“About once every other year, some parent in the question-and-answer period will ask, ‘What ever happened to Laura?’” Smith recalled. “And I’ll say, ‘Well, she really wasn’t in a position to take my advice.’”
This might just be a great year for irises. I admit to a particular love of the iris. It’s low maintenance, unlike the rose. Individual iris rhizomes are expensive. Not all make it once planted in the fall. They just don’t plant right. But if an iris “takes” you are truly rewarded in the spring
Daffodils are long gone. Violet have pretty much had it. My one healthy azalea looks pretty good. The other two are circling the drain. The Kousa dogwood is getting ready to spring to glory. A few Jobes’ tree spikes seem to make an old tree young again.
Two years after a Kentucky county clerk stirred national attention for refusing to issue marriage licenses to same-sex couples, a family court judge in the same state announced he will no longer hear adoption cases involving gay parents, calling his stance on the issue “a matter of conscience.”
Judge W. Mitchell Nance, who sits in Barren and Metcalfe counties in Kentucky, issued an order Thursday saying he believes that allowing a “practicing homosexual” to adopt would “under no circumstance” promote the best interest of the child, he wrote in the order obtained by The Washington Post.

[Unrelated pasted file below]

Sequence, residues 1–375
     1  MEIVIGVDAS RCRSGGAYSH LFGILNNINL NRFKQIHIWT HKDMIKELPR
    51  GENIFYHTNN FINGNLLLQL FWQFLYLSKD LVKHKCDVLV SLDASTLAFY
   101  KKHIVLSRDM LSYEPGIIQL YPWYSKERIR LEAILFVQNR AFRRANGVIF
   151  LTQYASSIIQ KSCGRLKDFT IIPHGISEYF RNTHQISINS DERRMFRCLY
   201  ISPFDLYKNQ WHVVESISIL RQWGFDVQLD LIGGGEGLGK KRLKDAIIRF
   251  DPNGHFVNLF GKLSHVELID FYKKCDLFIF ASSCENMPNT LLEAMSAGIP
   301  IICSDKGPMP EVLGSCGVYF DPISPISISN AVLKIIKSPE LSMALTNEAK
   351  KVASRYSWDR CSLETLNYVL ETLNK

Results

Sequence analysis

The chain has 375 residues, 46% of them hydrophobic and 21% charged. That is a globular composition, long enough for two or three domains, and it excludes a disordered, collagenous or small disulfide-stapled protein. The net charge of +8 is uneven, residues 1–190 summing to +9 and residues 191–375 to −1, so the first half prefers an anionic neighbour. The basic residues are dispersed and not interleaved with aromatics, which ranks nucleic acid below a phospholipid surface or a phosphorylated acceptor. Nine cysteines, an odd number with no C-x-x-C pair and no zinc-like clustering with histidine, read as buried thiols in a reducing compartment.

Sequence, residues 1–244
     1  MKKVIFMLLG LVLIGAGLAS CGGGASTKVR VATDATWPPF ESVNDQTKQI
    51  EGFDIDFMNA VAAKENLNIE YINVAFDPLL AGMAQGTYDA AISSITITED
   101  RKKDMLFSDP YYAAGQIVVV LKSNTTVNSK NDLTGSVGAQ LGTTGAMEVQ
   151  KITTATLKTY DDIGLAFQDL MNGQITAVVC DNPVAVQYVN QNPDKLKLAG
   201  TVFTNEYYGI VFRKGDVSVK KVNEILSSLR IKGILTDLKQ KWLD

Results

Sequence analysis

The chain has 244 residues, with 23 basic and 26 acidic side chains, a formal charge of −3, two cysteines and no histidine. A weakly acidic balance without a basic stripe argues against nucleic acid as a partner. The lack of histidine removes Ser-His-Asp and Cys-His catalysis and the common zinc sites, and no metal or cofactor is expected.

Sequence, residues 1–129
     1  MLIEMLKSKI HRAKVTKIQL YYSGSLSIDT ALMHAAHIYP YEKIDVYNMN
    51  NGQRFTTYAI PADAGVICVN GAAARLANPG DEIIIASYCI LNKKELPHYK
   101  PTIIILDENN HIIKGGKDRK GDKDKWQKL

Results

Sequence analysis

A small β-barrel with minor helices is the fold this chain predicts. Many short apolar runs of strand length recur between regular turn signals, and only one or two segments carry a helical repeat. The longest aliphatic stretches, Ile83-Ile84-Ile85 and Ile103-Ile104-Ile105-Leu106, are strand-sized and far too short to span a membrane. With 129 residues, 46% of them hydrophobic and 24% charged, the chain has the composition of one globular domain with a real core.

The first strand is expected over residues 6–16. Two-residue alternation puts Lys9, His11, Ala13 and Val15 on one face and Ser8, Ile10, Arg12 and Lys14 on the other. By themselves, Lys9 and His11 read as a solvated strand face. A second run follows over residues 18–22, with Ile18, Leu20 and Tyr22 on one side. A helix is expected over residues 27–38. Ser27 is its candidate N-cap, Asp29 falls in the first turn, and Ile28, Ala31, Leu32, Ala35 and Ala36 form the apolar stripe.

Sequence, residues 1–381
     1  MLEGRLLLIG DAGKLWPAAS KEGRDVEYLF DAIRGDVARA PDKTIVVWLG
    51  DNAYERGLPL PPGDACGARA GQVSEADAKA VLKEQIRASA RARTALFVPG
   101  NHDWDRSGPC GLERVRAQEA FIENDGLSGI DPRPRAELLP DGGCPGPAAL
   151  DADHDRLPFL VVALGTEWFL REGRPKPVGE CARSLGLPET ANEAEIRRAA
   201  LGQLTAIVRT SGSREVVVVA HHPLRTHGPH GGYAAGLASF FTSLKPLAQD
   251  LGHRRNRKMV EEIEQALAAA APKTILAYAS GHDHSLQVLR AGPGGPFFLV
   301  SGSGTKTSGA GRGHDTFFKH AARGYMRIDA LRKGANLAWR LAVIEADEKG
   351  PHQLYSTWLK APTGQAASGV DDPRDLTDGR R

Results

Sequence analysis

The judge disqualified himself from any adoption cases involving gay couples, citing judicial ethics codes requiring that judges recuse themselves whenever they have a “personal bias or prejudice” concerning a case. Nance’s “conscientious objection” to the concept of gay parents adopting children constitutes such a bias, he argued.
The announcement garnered support from some conservative groups, while also spurring intense criticism from some lawyers and judicial ethics experts who viewed the blanket statement as discriminatory, and a sign that Nance is not fit to fulfill his duties as a judge. Kentucky state law permits gay couples to adopt children, and the U.S. Supreme Court ruled in 2015 that all states must allow same-sex marriage.
Judge Nance is free to believe what he wants. However, he has to do his job according to the laws of both Kentucky and the United States of America. If he cannot, then he needs to step down. You can’t cherry-pick the law. The problem with just recusing himself is that other people have to pick up the slack.
What other biases does he have that might preclude fairness on the bench? Do his colleagues agree to trade off cases so everyone has the same work load? Is this a new equal pay for equal work question?
Interesting things to follow regarding this case.